Theory and research converge to suggest that authenticity predicts positive psychological adjustment. Given these benefits of authenticity, there is a surprising dearth of research on the factors that foster authenticity. Five studies help fill this gap by testing whether self-compassion promotes subjective authenticity. Study 1 found a positive association between trait self-compassion and authenticity. Study 2 demonstrated that on days when people felt more self-compassionate, they also felt more authentic. Study 3 discovered that people experimentally induced to be self-compassionate reported greater state authenticity relative to control participants. Studies 4 and 5 recruited samples from multiple cultures and used a cross-sectional and a longitudinal design, respectively, and found that self-compassion predicts greater authenticity through reduced fear of negative evaluation (Study 4) and heightened optimism (Study 5). Across studies, self-compassion’s effects on authenticity could not be accounted for by self-esteem. Overall, the results suggest that self-compassion can help cultivate subjective authenticity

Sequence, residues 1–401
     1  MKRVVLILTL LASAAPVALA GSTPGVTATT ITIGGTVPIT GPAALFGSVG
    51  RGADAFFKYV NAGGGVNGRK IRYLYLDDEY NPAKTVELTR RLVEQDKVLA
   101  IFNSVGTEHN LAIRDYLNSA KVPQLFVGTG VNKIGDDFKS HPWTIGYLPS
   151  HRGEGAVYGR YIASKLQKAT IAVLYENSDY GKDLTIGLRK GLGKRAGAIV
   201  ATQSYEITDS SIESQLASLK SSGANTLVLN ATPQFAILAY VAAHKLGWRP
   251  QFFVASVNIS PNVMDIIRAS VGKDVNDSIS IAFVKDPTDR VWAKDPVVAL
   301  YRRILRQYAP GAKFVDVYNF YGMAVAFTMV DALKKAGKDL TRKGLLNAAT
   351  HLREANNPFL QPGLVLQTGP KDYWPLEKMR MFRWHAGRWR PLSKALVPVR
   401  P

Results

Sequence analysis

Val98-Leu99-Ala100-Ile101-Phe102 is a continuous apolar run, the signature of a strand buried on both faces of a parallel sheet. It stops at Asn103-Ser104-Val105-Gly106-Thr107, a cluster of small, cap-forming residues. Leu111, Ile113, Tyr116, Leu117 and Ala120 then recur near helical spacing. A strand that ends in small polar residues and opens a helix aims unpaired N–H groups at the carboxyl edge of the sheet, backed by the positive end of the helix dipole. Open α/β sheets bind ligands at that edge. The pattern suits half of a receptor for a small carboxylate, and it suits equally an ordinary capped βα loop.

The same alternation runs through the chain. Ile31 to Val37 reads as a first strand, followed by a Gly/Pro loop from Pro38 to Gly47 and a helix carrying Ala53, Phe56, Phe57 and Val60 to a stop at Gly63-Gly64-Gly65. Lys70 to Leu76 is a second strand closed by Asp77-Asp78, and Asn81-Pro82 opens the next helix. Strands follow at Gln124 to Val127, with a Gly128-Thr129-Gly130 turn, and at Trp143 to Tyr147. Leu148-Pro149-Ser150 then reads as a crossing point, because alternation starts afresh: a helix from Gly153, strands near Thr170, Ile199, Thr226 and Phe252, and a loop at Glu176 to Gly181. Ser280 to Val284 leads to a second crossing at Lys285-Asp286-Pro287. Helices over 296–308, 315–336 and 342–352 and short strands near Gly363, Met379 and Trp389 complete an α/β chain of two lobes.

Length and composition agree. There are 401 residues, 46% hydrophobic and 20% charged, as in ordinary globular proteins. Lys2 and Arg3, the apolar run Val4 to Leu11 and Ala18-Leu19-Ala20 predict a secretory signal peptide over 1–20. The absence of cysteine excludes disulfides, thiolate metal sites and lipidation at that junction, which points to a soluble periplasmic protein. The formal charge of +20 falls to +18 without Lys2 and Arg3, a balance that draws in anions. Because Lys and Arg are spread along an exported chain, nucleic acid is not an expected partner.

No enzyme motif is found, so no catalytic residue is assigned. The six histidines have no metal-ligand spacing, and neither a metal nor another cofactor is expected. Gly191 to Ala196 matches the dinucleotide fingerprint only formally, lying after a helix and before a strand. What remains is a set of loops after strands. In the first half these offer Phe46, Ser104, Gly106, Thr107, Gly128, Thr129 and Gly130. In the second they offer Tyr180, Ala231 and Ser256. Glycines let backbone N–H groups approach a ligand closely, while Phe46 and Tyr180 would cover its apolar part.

Additional Metadata
Keywords self-compassion, authenticity, self-esteem, fear of negative evaluation, optimism
Persistent URL dx.doi.org/10.1177/0146167218820914, hdl.handle.net/1765/122248
Journal Personality and Social Psychology Bulletin
Citation
Zhang, JW, Chen, S., Tomova, T., Bilgin, B., Chai, W, Ramis, T., … Manukyan, A. (2018). A compassionate self is a true self? Self-compassion promotes authenticity. Personality and Social Psychology Bulletin, 38. doi:10.1177/0146167218820914